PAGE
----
* Myth#13: Pets don't mourn for other pets. Truth: Some animals do
develop strong bonds with other pets in the household. They will
show some symptoms of mourning as people do.
* Myth#14: There is no need for someone to work through their
emotions step by step in order to deal with this. Truth: Grieving
is a long, complex process. Robin's guide will take you through the
stages of grief -- what to expect, what not to expect, and...most
importantly...for each stage it will answer the question "Why do I
feel this way?"

If you're still holding onto any of the 14 myths of grief...Robin Jean
Brown's comforting guide is absolutely for you.

You'll Have Instant Help
To Get You Through The
Turmoil, Sadness, and Tears

That's because this special guide is available in ebook format that you
download instantly. That means that you get this effective material
when you need it the most -- right now.

There's no waiting in line at the bookstore, and no waiting for a
shipment to arrive in the mail.

You can instantly get this comforting material right now -- I mean
within the next minute you can be reading it!
You'll find glimmers of hope when you learn:
* The "when's" and "how's" of your relationship with your pet. You'll
feel comforted when you use this worksheet Robin gives you. (Page
* How deep is your love for your pet? The answer may surprise
you...and warm your heart. (Page 33)
* Who your pet really was. When you finish this exercise, you'll know
all about your pet's personality, breed, health, and what made them
a good pet. You'll even know what some good rescue organizations
are. (Page 41)
* Do you sometimes forget your pet is gone -- only to suddenly
remember that they are, and then you break down crying? This is
totally normal and is part of the denial stage of grief. You'll get
an action plan to work through this. (Page 49)
* Are you racked with guilt because you feel like there was something
you could have done to make your pet live longer and happier? Robin
reveals why guilt is harming you unnecessarily - which is not what
your pet would have wanted. She works with you to find out the
underlying irrational belief that's causing your guilt. (Page 93)
Then Robin reveals the exact steps to erase your guilt. (Page 98)
* How to have your pet die with dignity, in comfortable conditions
with the people they love...through hospice care. Hospice is a
familiar program for humans who want a sense of calm and safety
during their final moments. Now animal hospice care is more widely
available, and you'll learn the exact steps to take if you want to
pursue this humane option. (Page 109)
* After you've worked through the stages of grief, there's a little
known but highly-needed way to help animals that is actually the
best way to reintroduce yourself to the possibility of a new pet.
(Page 124)

Robin Jean Brown understands firsthand the deep bond that can develop
between person and animal. She's not some cold psychologist, but rather
a pet owner herself who dealt with her own painful journey through the
grieving process.

She found that there wasn't a lot of help for her. Other books are
either too cold and clinical...or they're too sad, and just make you
cry harder. And none of them had workbook-style questions to guide her
through her journey.

So Robin wrote the guide herself - to deal with your grief, effectively
and step by step. She is personal, empathetic, and comforting - yet at
the same time she'll help you move through your grief.

Her special ebook will introduce you to a revolutionary way of coping
with pet loss. Robin developed and delicately refined a 4 Step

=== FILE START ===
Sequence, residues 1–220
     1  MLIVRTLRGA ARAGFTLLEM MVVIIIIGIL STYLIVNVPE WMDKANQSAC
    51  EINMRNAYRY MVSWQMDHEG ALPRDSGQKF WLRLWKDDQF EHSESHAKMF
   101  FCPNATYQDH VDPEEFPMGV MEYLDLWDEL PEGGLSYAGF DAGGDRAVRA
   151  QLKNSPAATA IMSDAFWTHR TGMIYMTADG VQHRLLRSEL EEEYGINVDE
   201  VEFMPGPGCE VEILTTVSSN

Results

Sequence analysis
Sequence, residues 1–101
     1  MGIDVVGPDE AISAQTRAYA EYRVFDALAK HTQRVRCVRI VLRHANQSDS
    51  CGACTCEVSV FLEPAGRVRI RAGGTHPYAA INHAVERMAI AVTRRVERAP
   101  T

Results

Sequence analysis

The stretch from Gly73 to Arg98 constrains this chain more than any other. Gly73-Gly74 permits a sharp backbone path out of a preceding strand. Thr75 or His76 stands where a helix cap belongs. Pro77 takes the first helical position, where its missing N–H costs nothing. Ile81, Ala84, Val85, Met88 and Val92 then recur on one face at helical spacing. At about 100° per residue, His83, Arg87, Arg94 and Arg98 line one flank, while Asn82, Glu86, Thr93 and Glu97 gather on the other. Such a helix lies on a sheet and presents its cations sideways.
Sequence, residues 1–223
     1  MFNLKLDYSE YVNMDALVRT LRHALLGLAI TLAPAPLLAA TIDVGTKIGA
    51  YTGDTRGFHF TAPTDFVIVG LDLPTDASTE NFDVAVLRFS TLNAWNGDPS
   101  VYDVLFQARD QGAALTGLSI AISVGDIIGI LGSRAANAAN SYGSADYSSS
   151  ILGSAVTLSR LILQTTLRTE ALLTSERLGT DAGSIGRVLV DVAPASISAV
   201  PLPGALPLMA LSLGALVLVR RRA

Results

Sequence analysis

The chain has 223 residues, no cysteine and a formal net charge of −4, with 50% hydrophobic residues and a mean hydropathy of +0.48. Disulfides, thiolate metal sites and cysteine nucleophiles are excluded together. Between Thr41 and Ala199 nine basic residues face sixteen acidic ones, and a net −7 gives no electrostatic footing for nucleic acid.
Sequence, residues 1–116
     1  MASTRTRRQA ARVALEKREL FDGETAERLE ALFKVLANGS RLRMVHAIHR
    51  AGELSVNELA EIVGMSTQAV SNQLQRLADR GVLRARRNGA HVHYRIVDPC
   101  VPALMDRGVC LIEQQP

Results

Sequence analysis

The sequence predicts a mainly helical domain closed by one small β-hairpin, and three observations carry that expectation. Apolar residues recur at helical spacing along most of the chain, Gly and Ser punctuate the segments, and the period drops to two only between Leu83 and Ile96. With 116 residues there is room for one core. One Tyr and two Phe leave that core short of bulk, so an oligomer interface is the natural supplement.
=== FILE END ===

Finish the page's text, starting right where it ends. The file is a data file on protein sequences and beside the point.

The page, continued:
Technique for coping with pet loss that she coined "ROAR."

Here's a brief introduction to this technique by Robin Jean Brown

"It's easy to remain passive during the grief process and to see
yourself as nothing more than a helpless victim. For this reason,
it's important to use your acceptance of the situation as a jumping
off point for a renewed commitment to your life. Going beyond the
five stages of grief helps you to ROAR into a new existence."

Here's what Robin Jean Brown promises you - soon after learning the
"ROAR" method to grieve the death of your pet...

"Embracing life again is such an exciting possibility and you are at
the point to do just that. You have acknowledged and dealt with the
pain of death. You have explored the grief process and know how to
move on. You respect the lives of those no longer with us and
appreciate that you need to live joyfully too. Guilt, denial and
anger are banished from your outlook, and you are emotionally
healthy once again."

So, If You Have Lost Your Pet -
Do You Want To Embrace Your Life,
And Be Emotionally Healthy Again?

Keep reading...Don't forget to find out the sad experience of the
author. Maybe it's similar to what happened to you.

In Robin's guide - How to ROAR: Pet Loss Grief Recovery, you'll
discover nuggets of wisdom that will help you to...

1. "Respect your loss and grief"
2. "Own your reality"
3. "Affirm yourself"
4. "Reclaim your life"

"Beyond the unconditional love and affection our pets provide, there
are medical benefits associated with pet ownership..."

"Pets teach us about responsibility and love, and help us to
interact with others."

"Children especially benefit from pets because they learn how to
care for another being."

"As children, many of us were responsible for the feeding and care
of a pet, and this experience helped us become responsible and
caring adults. "

"One of the best lessons that can be taught by a pet is that of

"The presence of animals can reduce stress levels and help people to
love and show interest in another life no matter what their
circumstances are."

Some people may have intimate bond when they... "live with a
companion service animal or see their pet as a life partner or a

If you treat your lost pet as family member... "You may hold a more
formal service, choose a burial over a cremation and elect to do
something in memory of your pet whether you buy a memorial item or
participate in a fundraising activity that relates to animals."

This is a "traditional care" human-animal relationship... "For